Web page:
Fig. 3: Lightweight rendered facade over heavyweight masonry

Joze Plecnik: Sacred Heart of Jesus Church, Prague (CZ), 1939

Fig. 3: Lightweight rendered facade over heavyweight masonry

Joze Plecnik: Sacred Heart of Jesus Church, Prague (CZ), 1939

Fig. 4: Stereotomy and marble-clad masonry

Otto Wagner: Steinhof Church, Vienna (A), 1907

Fig. 2: The wall as a boundary element is the primary function, the masonry as loadbearing element the secondary function.

Nineveh, excavations of town walls between 1899 and 1917

Fig. 2: The wall as a boundary element is the primary function, the masonry as loadbearing element the secondary function.

Nineveh, excavations of town walls between 1899 and 1917

cause and effect. It is the appearance of the masonry, its wickerwork-like surface, that determined the technique, and not vice versa. Semper states that the knot is "the oldest technical symbol and ... the expression of the earliest cosmogonic ideas",6 i.e. the prime motif of human tekhne, because a structural necessity (the connection of two elements) becomes an aesthetic, meaningful image. The effect of an oriental carpet is based on the rhythmic repetition of its knots; the whole surface is processed uniformly. Art is always a kind of wickerwork: a painter - no matter if he or she is a landscape painter of the 19th century or an "action painter" like Jackson Pollock working in the 1950s - works uniformly over the whole of the canvas, instead of placing coloured details onto a white surface. Only this calligraphy allows us to experience masonry. "The mesh of joints that covers everything, lends ... the surface not only colour and life in a general way but stamps a sharply defined scale onto it and thereby connects it directly with the imagination of human beings", wrote Fritz Schumacher in 1920.7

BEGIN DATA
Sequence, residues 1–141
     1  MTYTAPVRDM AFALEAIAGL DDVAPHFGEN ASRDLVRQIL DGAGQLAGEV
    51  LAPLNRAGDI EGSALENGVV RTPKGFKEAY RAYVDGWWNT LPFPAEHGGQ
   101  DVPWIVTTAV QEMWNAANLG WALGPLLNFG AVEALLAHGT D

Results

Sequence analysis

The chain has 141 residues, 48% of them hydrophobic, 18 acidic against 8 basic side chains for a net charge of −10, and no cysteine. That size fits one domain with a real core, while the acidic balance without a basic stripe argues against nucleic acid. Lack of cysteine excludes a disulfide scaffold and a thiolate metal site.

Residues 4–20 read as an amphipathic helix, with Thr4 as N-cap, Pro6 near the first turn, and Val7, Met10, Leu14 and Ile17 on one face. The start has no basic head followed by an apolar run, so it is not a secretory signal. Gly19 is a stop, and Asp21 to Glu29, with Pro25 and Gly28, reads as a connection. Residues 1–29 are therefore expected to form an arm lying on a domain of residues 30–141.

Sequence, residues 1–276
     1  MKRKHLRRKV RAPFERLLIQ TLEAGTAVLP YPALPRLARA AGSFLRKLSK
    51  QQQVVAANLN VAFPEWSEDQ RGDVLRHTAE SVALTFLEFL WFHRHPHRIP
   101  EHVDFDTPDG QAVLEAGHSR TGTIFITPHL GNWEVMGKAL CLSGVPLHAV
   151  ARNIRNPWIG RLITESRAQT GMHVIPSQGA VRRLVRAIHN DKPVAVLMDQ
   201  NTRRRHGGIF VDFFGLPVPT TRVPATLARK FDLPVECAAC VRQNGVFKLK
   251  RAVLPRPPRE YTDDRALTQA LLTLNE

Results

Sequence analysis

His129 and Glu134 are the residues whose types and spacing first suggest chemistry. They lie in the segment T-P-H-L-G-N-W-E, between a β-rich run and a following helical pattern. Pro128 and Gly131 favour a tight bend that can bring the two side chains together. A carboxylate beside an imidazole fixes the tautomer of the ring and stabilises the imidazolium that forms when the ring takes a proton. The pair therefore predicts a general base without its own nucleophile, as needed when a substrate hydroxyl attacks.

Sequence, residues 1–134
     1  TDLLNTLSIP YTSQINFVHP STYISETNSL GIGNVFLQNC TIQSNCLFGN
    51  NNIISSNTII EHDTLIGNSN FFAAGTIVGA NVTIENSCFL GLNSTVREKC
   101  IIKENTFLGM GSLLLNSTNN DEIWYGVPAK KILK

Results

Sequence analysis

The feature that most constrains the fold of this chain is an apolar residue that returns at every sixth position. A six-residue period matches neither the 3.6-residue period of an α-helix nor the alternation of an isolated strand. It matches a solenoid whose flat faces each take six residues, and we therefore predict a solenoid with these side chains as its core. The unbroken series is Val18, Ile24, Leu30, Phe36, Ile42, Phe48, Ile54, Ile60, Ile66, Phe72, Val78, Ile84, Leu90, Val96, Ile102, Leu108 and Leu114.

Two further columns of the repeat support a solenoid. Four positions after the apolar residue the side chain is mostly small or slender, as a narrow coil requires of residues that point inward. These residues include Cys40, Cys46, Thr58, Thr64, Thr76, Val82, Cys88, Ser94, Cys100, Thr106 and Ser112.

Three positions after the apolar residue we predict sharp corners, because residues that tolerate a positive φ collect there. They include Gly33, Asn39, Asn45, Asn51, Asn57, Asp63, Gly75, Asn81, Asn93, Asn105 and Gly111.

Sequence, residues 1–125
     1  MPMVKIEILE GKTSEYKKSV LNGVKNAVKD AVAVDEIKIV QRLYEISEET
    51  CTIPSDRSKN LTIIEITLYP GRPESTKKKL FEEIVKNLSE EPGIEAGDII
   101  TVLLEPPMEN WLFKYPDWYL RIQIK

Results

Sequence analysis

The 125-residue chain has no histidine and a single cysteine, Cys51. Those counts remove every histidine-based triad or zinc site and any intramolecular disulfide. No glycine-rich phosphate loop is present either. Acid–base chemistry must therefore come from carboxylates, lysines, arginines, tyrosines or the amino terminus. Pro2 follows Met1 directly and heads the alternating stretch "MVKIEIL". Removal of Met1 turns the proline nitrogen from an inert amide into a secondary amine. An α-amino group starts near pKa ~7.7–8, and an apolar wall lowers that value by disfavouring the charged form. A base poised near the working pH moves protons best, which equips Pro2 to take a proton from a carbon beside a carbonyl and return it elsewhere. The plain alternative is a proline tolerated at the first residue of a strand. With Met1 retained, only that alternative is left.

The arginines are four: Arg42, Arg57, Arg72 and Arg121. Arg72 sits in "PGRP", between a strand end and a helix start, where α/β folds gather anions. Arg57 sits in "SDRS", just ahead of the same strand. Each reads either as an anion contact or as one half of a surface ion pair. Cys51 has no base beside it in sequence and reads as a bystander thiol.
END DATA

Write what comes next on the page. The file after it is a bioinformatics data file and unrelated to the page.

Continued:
Although Semper's theory regarding the textile origin of the wall has it roots in historicism and has been misunderstood and criticised by many representatives of the modern theory of material authenticity, it still influenced the aesthetics of masonry in the 20th century. Naturally, this fact cannot always be attributed to the direct influence of Semper's theory. But in the architecture of Vienna the acceptance of Semper's ideas is unmistakable and even today architects like Boris Podrecca still feel bound by this tradition. Above all, it was the group led by Otto Wagner who interpreted Semper's theses early on in an innovative way. The facades of the Steinhof Church (1905-07) and the Post Office Savings Bank (1904-06) in Vienna are structured according to Semper's distinction between lower, stereotomic and upper, textile bays.

A pupil of Wagner, the Slovene Joze Plecnik interpreted these themes in a new way, as can be seen in his works in Vienna, Prague, and Ljubljana. "New" here means that he integrated his knowledge about ancient forms with virtuoso competence: distortions, alienations, borrowed

Fig. 4: Stereotomy and marble-clad masonry

Otto Wagner: Steinhof Church, Vienna (A), 1907